“Making Meme” is a series of blog posts about the long process of taking a project from an idea to a completed feature film. I made a lot of mistakes on the way and learned a lot of lessons, but I also had a lot of fun and got to work with a lot of wonderful people throughout the process. These posts are presented in the hopes of helping others in their struggles to make a film. – Sean Mannion, Writer/Director, Meme
Meme’s Kickstarter ended unsuccessfully in October 2013. It was a bit of a blow. Filmmaking is personal. Putting yourself out there and asking for support is very personal. When it doesn’t work out it can feel like it’s a judgement on you personally. As I said in my previous post, in reviewing the reasons the Kickstarter didn’t work out I knew it was because, ultimately, I wasn’t ready to make the film and I’d rushed ahead. So, I decided to make myself ready to make the film.
The first step to recovering from the blow of the unsuccessful Kickstarter and the first step to making myself ready for making Meme was to get back on the horse. I needed to shoot and I resolved to shoot as many projects as I could. Almost immediately after the end of Meme I got together Sarah Schoofs, Kitty Ostapowicz, and Ashley Jordan to shoot “Metatron.” “Metatron” was based on an idea I had for the backstory of a poster used in the background of “Abel and Cain.” Katie Carman-Lehach, who had been producer of Meme at the time, produced the short and helped shoot some of the effects shots. We shot and finished the film quickly with the intention of screening at the IndieWorks Halloween show a few weeks later, which we did.
That project was followed by shooting the “Ione” series of short films with Kitty Ostapowicz and Sarah Schoofs of Meme. I shot A Change of Expression with Kitty Ostapowicz to submit to Vimeo’s Weekend Project. I shot a Videodrome tribute, “O’Blivion,” with Sarah Schoofs to continue working through the video themes I’d been working on in Meme and experiment more with Adobe After Effects. I outlined and scripted some ideas for more projects and a couple of web series that I ultimately didn’t make. I worked on rewrites of Meme in between the other projects.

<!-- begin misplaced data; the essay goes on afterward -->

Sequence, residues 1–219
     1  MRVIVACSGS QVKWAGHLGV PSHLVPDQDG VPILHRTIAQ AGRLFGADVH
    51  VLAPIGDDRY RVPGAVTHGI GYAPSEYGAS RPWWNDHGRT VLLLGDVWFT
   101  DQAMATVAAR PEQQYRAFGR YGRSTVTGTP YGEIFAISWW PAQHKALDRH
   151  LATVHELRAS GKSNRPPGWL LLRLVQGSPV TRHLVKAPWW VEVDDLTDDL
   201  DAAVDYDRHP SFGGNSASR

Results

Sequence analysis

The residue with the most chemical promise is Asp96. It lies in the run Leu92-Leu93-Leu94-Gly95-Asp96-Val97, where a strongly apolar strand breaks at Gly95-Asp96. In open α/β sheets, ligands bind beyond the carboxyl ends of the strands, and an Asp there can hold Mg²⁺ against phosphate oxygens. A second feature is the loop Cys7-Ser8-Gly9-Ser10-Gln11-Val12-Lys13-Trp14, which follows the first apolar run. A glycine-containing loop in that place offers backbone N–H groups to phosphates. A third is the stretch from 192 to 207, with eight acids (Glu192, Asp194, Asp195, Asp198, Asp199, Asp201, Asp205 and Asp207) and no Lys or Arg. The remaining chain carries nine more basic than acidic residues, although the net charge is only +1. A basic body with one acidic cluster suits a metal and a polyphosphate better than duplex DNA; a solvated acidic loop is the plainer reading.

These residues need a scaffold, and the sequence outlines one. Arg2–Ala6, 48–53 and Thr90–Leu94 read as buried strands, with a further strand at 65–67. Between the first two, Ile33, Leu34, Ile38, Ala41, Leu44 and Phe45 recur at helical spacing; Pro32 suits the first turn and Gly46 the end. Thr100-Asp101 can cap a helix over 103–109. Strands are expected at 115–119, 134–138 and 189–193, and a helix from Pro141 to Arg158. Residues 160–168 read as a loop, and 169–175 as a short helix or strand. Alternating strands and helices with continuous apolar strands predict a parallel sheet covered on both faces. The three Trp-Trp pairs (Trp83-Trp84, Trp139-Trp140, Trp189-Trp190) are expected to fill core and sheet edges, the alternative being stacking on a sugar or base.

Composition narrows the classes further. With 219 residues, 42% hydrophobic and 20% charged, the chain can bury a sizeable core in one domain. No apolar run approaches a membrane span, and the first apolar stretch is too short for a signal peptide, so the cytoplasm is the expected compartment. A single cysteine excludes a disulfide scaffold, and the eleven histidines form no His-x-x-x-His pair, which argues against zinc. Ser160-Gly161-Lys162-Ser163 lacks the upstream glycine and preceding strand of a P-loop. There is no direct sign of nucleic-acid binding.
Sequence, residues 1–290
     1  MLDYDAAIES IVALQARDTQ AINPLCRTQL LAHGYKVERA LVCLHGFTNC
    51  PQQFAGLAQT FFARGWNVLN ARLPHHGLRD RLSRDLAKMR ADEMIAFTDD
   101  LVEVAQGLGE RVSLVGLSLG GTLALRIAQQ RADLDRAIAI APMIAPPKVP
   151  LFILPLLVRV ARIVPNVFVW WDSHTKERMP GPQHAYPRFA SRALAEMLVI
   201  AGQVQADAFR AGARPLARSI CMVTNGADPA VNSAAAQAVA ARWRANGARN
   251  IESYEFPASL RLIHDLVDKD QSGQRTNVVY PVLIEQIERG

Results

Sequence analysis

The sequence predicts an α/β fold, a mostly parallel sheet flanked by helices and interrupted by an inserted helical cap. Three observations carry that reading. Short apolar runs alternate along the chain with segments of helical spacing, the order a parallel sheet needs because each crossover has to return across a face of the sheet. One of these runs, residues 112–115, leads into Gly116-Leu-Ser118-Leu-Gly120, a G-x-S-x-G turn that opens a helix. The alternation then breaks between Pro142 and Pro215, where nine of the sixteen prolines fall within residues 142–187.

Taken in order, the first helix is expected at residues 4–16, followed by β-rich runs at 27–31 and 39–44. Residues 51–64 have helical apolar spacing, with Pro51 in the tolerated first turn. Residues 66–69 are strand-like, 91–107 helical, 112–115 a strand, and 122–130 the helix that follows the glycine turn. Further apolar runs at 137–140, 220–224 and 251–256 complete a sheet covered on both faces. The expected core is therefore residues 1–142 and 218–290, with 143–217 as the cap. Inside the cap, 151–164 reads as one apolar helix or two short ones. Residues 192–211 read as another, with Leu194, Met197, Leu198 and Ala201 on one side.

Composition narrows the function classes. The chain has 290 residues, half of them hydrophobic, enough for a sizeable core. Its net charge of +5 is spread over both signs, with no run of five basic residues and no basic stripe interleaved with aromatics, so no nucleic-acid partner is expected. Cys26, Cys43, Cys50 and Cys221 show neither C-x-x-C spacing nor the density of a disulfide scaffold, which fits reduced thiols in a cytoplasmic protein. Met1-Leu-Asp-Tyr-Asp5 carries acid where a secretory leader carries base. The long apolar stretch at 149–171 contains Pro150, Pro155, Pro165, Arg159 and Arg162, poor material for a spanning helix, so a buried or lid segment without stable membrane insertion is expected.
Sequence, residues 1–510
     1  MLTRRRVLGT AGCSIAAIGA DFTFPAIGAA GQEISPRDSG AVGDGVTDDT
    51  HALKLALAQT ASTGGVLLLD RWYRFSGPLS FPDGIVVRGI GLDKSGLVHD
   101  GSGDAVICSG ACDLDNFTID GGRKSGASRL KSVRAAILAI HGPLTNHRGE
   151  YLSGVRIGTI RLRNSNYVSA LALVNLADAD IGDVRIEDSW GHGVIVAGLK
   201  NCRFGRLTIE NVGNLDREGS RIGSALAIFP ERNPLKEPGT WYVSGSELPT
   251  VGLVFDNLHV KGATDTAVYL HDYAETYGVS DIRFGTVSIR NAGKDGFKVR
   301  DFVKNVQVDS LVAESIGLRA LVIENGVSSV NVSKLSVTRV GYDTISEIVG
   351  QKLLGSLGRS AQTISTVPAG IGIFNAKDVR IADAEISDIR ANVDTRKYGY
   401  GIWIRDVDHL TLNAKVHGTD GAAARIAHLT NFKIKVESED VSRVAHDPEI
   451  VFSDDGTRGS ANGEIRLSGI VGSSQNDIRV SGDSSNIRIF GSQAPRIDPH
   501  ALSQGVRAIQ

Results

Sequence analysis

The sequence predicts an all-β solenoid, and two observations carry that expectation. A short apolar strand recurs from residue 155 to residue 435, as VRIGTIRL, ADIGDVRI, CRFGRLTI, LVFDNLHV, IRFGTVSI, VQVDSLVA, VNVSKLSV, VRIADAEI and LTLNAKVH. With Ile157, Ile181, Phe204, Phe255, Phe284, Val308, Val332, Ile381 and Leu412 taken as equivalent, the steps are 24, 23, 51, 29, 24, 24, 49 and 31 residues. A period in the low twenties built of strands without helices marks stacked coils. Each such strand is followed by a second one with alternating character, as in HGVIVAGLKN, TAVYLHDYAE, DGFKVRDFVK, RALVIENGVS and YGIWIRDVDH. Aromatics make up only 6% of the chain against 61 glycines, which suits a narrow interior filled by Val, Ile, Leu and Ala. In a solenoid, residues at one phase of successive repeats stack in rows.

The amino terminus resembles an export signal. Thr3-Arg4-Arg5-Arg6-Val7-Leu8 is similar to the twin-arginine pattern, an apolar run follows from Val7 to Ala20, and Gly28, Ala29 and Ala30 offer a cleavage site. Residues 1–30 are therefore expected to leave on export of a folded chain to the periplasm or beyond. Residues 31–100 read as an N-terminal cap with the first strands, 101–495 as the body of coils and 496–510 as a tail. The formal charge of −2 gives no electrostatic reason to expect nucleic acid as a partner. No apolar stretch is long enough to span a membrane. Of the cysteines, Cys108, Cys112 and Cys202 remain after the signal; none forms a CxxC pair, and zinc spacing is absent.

In early 2014 I came up with the idea for “Time Signature.” “Time Signature” started as a tweet. A joke. I occasionally write ridiculous movie premises on my twitter. Just for fun. This one didn’t turn out to be so ridiculous. It was a solid idea that seemed like a good opportunity to put Kitty Ostapowicz and Tara Cioletti, two actresses I enjoy working with, together in a project. I recruited Director of Photography Peter Westervelt to shoot the project. Then I chose to jump back into crowdfunding again. Less than a year after the unsuccessful Kickstarter for Meme.
I learned from the experience of crowdfunding for Meme and the “Time Signature” campaign went much better. I used Seed&Spark instead, which lead me to that community. When attending one of their Crowdfunding for Independence Workshops I met Carolyn Maher. Carolyn later joined “Time Signature” as the Assistant Director. We shot “Time Signature” in June of 2014 and soon after I began talking with Carolyn about Meme.
Early in 2014 Katie Carman-Lehach’s work situation and availability changed. We had been discussing the future of Meme in meetings for months but she wasn’t able to continue giving the project time and we parted on the project. She was an integral part of the early development of Meme and her work and support are greatly appreciated. After the end of “Time Signature,” though, I was eager to jump back into Meme and I needed the help of a Producer. Carolyn Maher had been an incredible asset on set for “Time Signature.” So, I asked her if she’d be interested in helping me make Meme a reality.
Carolyn agreed to read the script for Meme and ultimately joined the project.
Meme evolved throughout this period. At various points I was planning to shelve the project, search for investment, and try crowdfunding again. I rewrote the script again and again. I gutted it and rebuilt it. Where before the plot had involved a cult I instead grounded the story in more personal and recognizable struggles with dependency. As I turned back to the idea of shooting again it took shape as a more focused story. The nonlinear narrative was rearranged into something more straightforward (later changed again to nonlinear then we got to post, but we’ll discuss that in the future). Some scenes remained virtually untouched from early drafts. Other characters and subplots were excised entirely. I took the opportunity to find the core of the story and make sure we were as focused on that as we could be.
In the next part, I will review the reality of our plan to shoot on “no budget.”